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Life in a slow place that quickly steals your heart.

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Dover

Dropped on our heads and into the ocean

IMG_2057International Space Station image of the English Channel courtesy of the European Space Agency.

After Captain Matthew Webb swam the English Channel in 1875 the Mayor of Dover said, “I make bold as to say that I do not believe that in the future history of the world any such feat will be preformed by anybody else.”

We all make mistakes but he wasn’t far wrong. It’s remains a pretty daunting challenge. About 1,500 people have completed solo swims of the Channel, far fewer than have climbed Mount Everest. The first six-person relay swam the Channel in 1954. There have been about 6,000 relay team members who have successfully made the crossing since…still not a lot in my books. And every member of our team is older than the average age of 33…some double that.

We will make our attempt to swim the 32 kilometres, with each swimmer taking one-hour turns in rotation until we walk up a beach in France, in late July of this year. If we make it, it will be because of a mixture of good luck (the weather and everyone’s health), good preparation and support from friends and family.

We all have something in common, according to the owner of Dover’s Churchill Guest House where we will be staying when Team Crazy Canucks makes its bid. “One correlation we have noticed between you all is that at some stage during your childhoods you were all dropped on your heads which made you all crazy enough to attempt such a mind-boggling challenge.”

 

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Step one: Find five other people who were dropped on their heads as children and like to swim in cold water, in the ocean, in only a bathing suit (no wetsuits allowed and there are stringent Channel Swimming Association rules about the type of suit you can wear too), and don’t mind a jaunt to England.

This proved easier than I thought which I guess says something about me and my pals.

The first to sign up was Jaime. We met training for a marathon during which we had this conversation. “Hey, we should do Ironman in three years,” I say. “Sure, but I will have to learn to swim first,” Jaime says. She did and we finished Ironman Canada in 2005. Her home town at that time, Sundre put a “congratulations Jaime” message on a billboard. I think a parade would be in order this time.

A friendship developed over hours of running and cycling is something pretty special.  There are no secrets left to tell after four hours sweating it out and no one you would rather tell them to. When we ran out of secrets we talked about what we were going to eat when we stopped, in great detail, as in the actual recipes.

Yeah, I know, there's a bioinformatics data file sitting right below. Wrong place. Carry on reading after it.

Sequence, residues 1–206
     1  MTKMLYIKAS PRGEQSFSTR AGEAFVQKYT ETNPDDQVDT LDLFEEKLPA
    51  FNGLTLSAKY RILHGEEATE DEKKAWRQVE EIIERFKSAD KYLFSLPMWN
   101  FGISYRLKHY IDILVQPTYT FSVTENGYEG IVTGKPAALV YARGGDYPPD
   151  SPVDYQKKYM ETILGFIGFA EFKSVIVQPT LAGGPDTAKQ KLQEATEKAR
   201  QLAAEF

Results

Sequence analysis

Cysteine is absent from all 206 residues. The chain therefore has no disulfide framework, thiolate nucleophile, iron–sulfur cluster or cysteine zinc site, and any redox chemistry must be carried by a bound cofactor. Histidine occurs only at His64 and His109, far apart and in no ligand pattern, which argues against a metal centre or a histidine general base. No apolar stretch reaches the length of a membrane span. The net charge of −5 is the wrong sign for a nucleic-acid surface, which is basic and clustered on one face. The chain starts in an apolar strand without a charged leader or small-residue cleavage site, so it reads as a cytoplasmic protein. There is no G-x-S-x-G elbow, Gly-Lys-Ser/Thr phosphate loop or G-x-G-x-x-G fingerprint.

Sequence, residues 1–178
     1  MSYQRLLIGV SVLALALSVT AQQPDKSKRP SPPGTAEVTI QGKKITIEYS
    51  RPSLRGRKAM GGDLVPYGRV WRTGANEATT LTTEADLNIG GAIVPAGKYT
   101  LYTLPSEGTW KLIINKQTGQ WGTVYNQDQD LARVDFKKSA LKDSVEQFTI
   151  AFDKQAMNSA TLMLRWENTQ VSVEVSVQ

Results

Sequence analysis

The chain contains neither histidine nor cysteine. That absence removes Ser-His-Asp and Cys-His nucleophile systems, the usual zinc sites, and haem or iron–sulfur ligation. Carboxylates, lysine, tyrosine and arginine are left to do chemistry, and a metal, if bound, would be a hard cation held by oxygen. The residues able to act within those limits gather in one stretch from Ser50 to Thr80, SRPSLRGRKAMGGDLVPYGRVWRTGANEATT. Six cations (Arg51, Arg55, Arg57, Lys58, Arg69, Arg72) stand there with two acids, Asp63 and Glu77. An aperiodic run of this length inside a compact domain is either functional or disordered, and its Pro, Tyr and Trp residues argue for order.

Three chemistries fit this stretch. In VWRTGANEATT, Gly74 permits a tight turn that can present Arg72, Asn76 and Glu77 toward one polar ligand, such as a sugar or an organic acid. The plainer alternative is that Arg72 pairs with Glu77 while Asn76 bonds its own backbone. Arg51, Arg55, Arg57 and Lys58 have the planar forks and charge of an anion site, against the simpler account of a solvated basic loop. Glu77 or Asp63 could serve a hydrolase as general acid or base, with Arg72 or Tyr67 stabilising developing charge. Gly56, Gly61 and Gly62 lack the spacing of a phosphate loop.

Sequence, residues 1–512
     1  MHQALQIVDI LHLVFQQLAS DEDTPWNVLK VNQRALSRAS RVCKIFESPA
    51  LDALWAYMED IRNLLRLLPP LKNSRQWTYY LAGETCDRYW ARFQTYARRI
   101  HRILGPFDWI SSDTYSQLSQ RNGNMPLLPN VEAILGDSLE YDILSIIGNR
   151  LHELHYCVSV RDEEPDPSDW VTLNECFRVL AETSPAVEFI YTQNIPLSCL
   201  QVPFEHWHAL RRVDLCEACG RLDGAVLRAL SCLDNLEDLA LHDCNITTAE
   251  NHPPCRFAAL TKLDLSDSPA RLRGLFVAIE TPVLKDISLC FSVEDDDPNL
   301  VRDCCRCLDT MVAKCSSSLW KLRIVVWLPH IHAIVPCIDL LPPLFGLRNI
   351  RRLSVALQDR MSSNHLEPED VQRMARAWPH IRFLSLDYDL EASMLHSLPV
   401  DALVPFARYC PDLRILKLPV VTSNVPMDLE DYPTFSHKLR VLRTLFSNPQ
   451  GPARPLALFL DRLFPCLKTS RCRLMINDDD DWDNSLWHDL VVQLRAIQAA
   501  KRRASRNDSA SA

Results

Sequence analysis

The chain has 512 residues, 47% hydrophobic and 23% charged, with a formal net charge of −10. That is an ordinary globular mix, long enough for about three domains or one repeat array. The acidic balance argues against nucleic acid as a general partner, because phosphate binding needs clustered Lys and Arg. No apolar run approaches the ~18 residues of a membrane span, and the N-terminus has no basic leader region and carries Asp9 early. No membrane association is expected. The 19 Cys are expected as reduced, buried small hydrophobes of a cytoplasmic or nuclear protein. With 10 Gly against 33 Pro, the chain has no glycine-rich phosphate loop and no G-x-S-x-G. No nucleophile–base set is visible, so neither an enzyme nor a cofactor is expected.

If all goes our way, Jaime says, “Next year Ella (daughter) will be able to take me to school for show and tell and say my mom swam in the English Channel. How cool will that be?”

She says her feeling about the Channel is summed up by this quote by Bob Proctor: “Set a goal to achieve something that is so big, so exhilarating that it excites you and scares you at the same time.”

“I am so looking forward to it but at the same time it sometimes makes me cringe just thinking about it.” That sounds like excitement and fear at the same time for sure. I’m glad she was dropped on her head.

Don’t wait for your ship to come in…swim out to it

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This one is good too…

IMG_1656I’m leaping ahead to the end of a story more than three years in the making. If all goes well (there are a fair number of elements to the “all”), in six months time, me and five mates will be making our own graffiti on the walls of the White Horse in Dover, England.

IMG_1654Successful solo and relay team swimmers of the English Channel come to celebrate their achievement with a pint and pen at this landmark pub. Team Crazy Canucks hopes to swim from Dover to Point Gris Nez in France and spend the next day or maybe a few days celebrating. With more than 135 years of history since Captain Webb made the first crossing, the basic elements of the challenge remain precisely the same. “Whatever the era, a Channel swim is and always will be a battle of one small lone swimmer against the sometimes savage vastness of the open sea,” says former Channel Swimming Association President Cmdr. Gerald Forsberg.

IMG_1652Forsberg goes on to say, “It is quite possible to be ten miles from shore on a pitch-black, cold night, with a cresting sea, a three-knot tidal stream, and thirty metres of depth underneath…In such conditions, the Channel is no place for a physical weakling.” We laugh at cresting seas and three-knot tidal streams…IMG_1655Looks like our biggest challenge will finding some real estate to make our mark at the White Horse.

IMG_1662In the background is the names of a team from a city at the other end of our lake in Kelowna. Well done guys. Can’t wait to join you on the walls.

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